‘Since her death, the sense of public duty and putting others before self looks missing as we see one MP after another leaving Parliament either because of a problem or a personal spat.
‘More should look to the example set by the late Queen.’
A series of exits from Westminster include former Boris Johnson, who attended the Queen’s funeral, standing down in June after receiving a report into whether he lied to MPs over Partygate.
The following month, former culture secretary Nadine Dorries announced she was quitting the Commons, a move which followed her being denied a seat at the House of Lords.
Professor Thom Brooks says the current Life in the UK test includes the following factual errors:
Cnut was first Danish king in what is now England. The first Danish king was actually his father, known as Sven I or Sweyn Forkbeard.
Dylan Thomas wrote the poem Do Not Go Gentle Into That Good Night in 1952. It was written in 1947 and first published in 1951. A year later it featured in a collected works.
The highest bank note in circulation is £50. But this is only true of the Bank of England’s highest note. The Bank of Scotland has a £100 note in circulation.
An online update to sections about the Queen and King Charles is marked ‘confidential’ when freely available online
An essential fact for those taking the Life in the UK Test is the height of the London Eye, according to Professor Brooks (Picture: Yui Mok/PA Wire)
Professor Thom said: ‘I believe the Queen exemplified a lifelong commitment of service to others and the public good.
‘Her reign gave stability and brought people together.
‘After her sad passing, things have changed. Polls show most feel Britain is broken — no doubt fuelled by the constant musical chairs around Cabinet and seemingly endless trail of crises.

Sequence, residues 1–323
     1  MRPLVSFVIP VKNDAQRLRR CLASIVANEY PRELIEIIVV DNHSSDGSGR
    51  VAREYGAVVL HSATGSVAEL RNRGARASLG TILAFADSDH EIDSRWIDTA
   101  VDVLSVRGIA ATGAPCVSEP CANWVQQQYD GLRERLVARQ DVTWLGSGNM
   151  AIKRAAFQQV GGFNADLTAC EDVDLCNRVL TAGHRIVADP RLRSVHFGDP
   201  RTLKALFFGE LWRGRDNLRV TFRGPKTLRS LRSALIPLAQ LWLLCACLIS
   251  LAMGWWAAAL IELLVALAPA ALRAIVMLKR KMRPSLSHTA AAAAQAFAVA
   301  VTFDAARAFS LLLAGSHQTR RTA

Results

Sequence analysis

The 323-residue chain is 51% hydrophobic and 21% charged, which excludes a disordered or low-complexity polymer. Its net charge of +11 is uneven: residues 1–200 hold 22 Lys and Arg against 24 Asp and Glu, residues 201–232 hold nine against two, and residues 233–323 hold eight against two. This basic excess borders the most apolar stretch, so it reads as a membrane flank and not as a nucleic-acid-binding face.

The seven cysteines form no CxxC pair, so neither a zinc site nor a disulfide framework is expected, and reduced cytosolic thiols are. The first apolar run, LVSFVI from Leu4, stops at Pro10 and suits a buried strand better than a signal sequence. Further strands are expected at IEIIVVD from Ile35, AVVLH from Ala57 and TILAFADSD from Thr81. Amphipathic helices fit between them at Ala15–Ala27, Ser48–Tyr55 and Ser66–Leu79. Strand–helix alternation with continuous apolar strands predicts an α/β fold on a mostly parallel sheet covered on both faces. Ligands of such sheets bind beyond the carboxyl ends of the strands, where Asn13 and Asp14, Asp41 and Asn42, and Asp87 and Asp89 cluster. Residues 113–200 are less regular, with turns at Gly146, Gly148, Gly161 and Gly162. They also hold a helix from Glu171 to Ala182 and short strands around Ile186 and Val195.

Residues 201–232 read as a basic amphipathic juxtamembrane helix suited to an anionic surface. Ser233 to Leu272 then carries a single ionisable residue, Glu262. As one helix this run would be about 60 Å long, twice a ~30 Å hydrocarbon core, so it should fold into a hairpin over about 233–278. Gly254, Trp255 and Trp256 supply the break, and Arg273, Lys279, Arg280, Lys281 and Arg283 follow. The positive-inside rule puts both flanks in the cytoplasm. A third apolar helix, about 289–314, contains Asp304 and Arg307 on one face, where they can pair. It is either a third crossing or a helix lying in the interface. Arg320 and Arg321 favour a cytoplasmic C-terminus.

‘At such a time, I would have expected the government to seek to claim some appeal to the late Queen’s putting the public before the personal but this mantle seems squarely with the Opposition.
‘Young people should be inspired to make contributions to public life in service to others. Sadly, this happens all too rarely and is another sign of the need for change.’
Professor Thom Brooks believes the citizenship test should be urgently overhauled (Picture: Shutterstock/mundissima)
In April, Prof Brooks said that King Charles was not included in the citizenship test, even though ‘pub quiz’ questions such as the height of the London Eye were. He flagged mistakes and ‘trivial’ information in the process for applicants to show they are knowledgeable about British life.
Prof Thom, who is originally from the US and has dual UK citizenship after taking the test himself, wants an overhaul of the process.
His report, entitled ‘Like a Bad Pub Quiz’, comes more than two decades after the original advisors met the public before subsequently launching the Life in the UK Test under a Labour government.
Union flags are being flown on government buildings today to mark the first anniversary of the death of the Queen, who was Britain’s longest-reigning monarch, and the accession of King Charles to the throne.
A Home Office spokesperson said previously: ‘The Life in the UK Test is important for anyone applying to settle permanently in the UK to ensure they have an understanding of the democratic principles underlying British society and aspects of our culture and traditions.
‘We are planning to set out the process for reviewing the Life in the UK handbook later this year.’
Metro.co.uk has approached the Home Office for further comment.
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Prof Thom Brooks has flagged shortcomings in the UK test including an update on the royals marked ‘confidential’.